At the other end of the ground Juventus fans waved their flags, seemingly oblivious to the tragedy at the far side. A running track surrounded the pitch, so perhaps their vision was not terribly clear, but some must have been aware that this was more than just a minor incident.

They were becoming witnesses to, and some even participants, in an act of riotous behaviour, which horrified viewers worldwide.

I saw bodies being carried out on to the track by personnel using metal barriers as stretchers. They came one at a time; soon it took on the image of a hospital ward repositioned in a sports ground.

Producer Mike Horgan went away to get some news of casualties and soon came back with word that four people were dead and many more injured. Those at the far end, supporting the Italian champions, soon appreciated the sheer terror affecting their own people. They reacted.

Individual Juve supporters were seen brandishing pieces of metal as they tried to break through the police cordon. Dozens of mounted police officers tried to maintain some semblance of order, but the whole situation seemed quite hopeless. The organisation of the event looked utterly inadequate.

Mike Horgan returned to me again with another slip of paper reading '13 now confirmed dead'. By this stage the Belgian authorities had ordered every available member of their elite riot squad to make his/her way swiftly to the Heysel in the hope that a show of strength might limit the unfolding catastrophe.

Those of us covering the match for our networks throughout Europe had some knowledge of what had transpired, but there were thousands in the crowd of about 58,000 that evening who were largely in the dark. Bear in mind – this was in an era pre-mobile phones and internet.

I was on air for about 40 minutes when the next fatality number given to me read '26', with hundreds injured.

It was the most threatening atmosphere in which I have ever worked, and the question I had at the back of my head was: 'how and when is this thing going to end?'

For long portions of the evening the teams in their dressing rooms were unaware of the full extent of the shocking tragedy. Giovanni Trappatoni was the Juventus manager and Joe Fagan was in charge of Liverpool.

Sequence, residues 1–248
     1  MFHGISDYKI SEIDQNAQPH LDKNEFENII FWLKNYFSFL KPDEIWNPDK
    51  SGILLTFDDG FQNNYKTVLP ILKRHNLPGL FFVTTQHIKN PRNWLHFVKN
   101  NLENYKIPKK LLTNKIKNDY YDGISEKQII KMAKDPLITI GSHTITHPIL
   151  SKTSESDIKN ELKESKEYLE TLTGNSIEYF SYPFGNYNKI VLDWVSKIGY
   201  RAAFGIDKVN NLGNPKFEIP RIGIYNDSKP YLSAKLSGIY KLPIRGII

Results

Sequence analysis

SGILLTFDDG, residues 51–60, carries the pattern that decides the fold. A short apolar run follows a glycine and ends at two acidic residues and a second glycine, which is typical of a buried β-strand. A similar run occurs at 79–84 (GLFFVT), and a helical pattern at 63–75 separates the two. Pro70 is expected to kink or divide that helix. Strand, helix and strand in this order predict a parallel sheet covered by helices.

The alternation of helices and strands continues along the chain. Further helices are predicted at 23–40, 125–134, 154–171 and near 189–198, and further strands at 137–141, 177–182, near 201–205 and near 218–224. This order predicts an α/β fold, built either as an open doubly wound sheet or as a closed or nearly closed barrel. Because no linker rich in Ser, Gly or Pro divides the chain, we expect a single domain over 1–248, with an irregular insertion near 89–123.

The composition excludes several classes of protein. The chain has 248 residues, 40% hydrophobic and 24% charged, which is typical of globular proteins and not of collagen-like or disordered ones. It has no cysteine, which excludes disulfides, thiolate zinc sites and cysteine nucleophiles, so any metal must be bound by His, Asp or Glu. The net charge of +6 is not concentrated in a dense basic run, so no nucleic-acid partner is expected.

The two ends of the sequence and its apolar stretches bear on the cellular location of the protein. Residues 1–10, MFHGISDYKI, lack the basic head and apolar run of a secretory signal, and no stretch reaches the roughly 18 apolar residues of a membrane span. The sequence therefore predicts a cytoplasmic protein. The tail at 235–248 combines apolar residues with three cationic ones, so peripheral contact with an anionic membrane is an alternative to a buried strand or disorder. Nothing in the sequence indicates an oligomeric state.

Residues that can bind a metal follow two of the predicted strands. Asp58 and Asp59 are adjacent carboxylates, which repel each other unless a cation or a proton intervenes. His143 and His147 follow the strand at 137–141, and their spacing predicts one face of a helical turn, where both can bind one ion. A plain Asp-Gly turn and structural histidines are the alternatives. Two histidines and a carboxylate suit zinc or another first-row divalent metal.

Indeed, that same day came news that Fagan was set to retire after Heysel, with the strong speculation that Kenny Dalglish would succeed him.

About an hour into the broadcast from Heysel the two captains  - Phil Neal and Gaetano Scirea - came to a window in a corner of the stand and appealed to their followers for calm. It was unknown then, but 39 people had just lost their lives on one of sport's most wretched nights.

I'm of the opinion that the two teams would not have wished to play a game of football after all that, if their views were to be sought. However, the biggest fear at that stage in the evening – now about 8.45pm Irish time – was what would happen when hooligans from both groups exited the stadium and confronted one another out on the streets of Brussels? There was enormous trepidation.

The authorities forced the two teams to go out on the park and kick a football. Play the damned final.

I can remember that the first time I relaxed all night was when the match actually started. Dealing with the unknown can be fretful when you are relatively new to sports presentation. Nothing prepares you for [unexpected] pitched warfare.

When the game was over – settled by a Platini penalty for Juve – people left the ground weary, dumbfounded, but surprisingly calm.

Even the 'mad minority' attracted by football's competing macho cultures seemed truly shocked when news of the lives lost in Heysel was revealed. The rest of us got back into buses and were thankful to be able to do so. At least we were among the living.

Thirty-two of the lost lives were Italian, four were from Belgium, two from France and there was one Irishman, Patrick Radcliffe. True, some were made to confront their inadequacies and their guilt in follow-up legal action in the courts, and chief organisers were fired. 

Lessons were to be learned, weren't they? Surely nothing like it could never happen again.  

Four years later, an awful day at Hillsborough proved it could.